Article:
Good morning. It's Tuesday, Feb. 12.
|•||More wild weather gets ready to barrel into California.|
|•||A fight over the name Dixie grips liberal Marin County.|
|•||And the quest for an autonomous society on the Lost Coast.|
Buckle up. Forecasters said an atmospheric river would sweep across an already soaked California between Tuesday and Thursday with enough strength to topple trees and unleash flooding and mudslides. "It is a classic Pineapple Express," an oceanographer said. "It's coming from deep in the tropics south of Hawaii aiming right at the West Coast."
Dead trees have been ready fuel for forests fires, including last year's Ferguson fire in the Stanislaus National Forest, above.
Noah Berger/AFP/Getty Images
More than 18 million trees died in California last year — and that's seen as a positive development. Past years saw even larger death tolls, including 27 million trees in 2017, thanks to drought and beetle infestation. Scientists said increasing rain has helped slow a die-off that turned vast tracts of the state forest from green to brown.
The N.Y. Times took a deep dive into Kamala Harris's background as a public official. In a dozen years as the top law enforcement official of San Francisco and then California, she had a reputation for caution — frustrating critics who saw her as just another politician trying to be all things to all people. That record haunts her now as she runs for president as a "progressive prosecutor."
Yosemite's Mirror Lake dressed in white last Friday.
Some people have the mistaken idea that Yosemite is closed in winter. In fact, many regulars regard it as the park's best season — when a blanket of snow creates a hushed stillness. Here are some gorgeous recent photos from the park on Twitter, and live views from the Yosemite Conservancy's webcams.
The USS Macon over Berkeley in 1933.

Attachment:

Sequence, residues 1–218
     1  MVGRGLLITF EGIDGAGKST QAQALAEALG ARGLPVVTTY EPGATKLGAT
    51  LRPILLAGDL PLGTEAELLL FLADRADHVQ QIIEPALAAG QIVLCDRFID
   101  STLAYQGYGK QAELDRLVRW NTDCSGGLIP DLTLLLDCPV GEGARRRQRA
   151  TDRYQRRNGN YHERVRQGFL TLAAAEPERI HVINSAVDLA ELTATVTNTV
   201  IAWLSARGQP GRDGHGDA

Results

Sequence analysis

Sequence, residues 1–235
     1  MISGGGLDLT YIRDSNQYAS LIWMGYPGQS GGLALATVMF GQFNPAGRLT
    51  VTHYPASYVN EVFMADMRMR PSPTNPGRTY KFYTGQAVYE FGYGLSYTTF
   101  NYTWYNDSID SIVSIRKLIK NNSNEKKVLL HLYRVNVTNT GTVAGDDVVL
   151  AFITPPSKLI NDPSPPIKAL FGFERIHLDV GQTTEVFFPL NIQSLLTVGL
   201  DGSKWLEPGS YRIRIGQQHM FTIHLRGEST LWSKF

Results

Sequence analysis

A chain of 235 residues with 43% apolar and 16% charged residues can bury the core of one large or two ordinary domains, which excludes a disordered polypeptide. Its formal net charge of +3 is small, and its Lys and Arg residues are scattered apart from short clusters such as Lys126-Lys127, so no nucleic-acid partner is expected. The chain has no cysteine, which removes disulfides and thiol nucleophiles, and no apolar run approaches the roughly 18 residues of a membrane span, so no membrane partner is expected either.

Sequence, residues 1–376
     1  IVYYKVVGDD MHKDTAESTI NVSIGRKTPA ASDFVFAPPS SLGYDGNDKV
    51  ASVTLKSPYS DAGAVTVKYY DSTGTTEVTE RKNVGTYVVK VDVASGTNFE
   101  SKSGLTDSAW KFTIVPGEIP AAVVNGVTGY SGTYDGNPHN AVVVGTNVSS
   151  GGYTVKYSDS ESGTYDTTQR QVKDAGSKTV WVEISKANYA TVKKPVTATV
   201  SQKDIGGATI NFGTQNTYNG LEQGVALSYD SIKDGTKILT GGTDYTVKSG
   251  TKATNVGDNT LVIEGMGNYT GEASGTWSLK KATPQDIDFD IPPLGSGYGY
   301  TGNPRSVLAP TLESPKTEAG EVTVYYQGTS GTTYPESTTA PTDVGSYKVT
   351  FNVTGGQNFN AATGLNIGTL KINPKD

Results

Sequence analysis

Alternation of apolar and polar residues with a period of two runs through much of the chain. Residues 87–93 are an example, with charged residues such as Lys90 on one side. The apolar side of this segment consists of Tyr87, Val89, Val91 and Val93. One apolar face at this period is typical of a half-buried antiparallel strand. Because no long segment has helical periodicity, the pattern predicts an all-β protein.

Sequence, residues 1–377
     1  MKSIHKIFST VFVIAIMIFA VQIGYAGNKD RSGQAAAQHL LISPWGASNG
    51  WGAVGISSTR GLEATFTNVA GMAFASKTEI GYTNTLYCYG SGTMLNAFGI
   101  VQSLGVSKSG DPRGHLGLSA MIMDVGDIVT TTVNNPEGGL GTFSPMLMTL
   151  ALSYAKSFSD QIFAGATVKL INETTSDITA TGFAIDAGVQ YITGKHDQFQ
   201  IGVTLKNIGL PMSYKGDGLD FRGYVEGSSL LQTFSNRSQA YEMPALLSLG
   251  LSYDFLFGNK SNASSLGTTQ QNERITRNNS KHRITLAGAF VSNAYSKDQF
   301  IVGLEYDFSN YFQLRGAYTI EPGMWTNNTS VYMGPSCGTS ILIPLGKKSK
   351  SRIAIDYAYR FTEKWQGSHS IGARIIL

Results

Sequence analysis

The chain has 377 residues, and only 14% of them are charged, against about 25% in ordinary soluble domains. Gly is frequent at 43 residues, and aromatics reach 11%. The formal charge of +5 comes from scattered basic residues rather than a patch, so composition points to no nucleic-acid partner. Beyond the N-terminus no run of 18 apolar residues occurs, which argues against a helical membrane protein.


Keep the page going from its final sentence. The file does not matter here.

Museum of Flight/Corbis via Getty Images
The USS Macon was among the world's largest flying objects in the 1930s. Dubbed the "Queen of the Skies," the 785-foot-long airship was designed as a flying aircraft carrier that could launch and retrieve planes. It was on this day in 1935 that it ran into trouble off the Big Sur coast. A fin broke in a storm and sent the Macon tumbling into the Pacific, killing two of its 83 crewmen. The disaster spelled the end of the Navy's dirigible program.
The school district was named after San Rafael's historic Dixie Schoolhouse, pictured above.
"The Confederacy doesn’t need an outpost in Marin County." In the heart of liberal Marin County is a school district named Dixie. Activists want it changed, arguing that the word is a reminder of the South and slavery. Others say it means no such thing and to change it would be to surrender to the forces of political correctness. The fight has gotten so intense that neighbors have stopped speaking to one another.
A man delivering newspapers before dawn in Madera County happened upon a shocking sight in the middle the road: an abandoned newborn baby, umbilical cord still attached. The girl, just hours old, was rushed to a hospital, where she was expected to make a full recovery. Investigators are searching for the mother.
The saga of Edna the fire station cat took a sorry turn. Despite a public campaign to keep the formerly feral cat, employees of the station were forced to say goodbye as Edna was removed in response to an anonymous complaint. "It just sucks to uproot a once feral cat from her home of 5yrs and one that she could come and go as she pleased but chose to stay with unlimited 24/7 loving from 200+ amazing EMS members," station employees said in an Instagram post.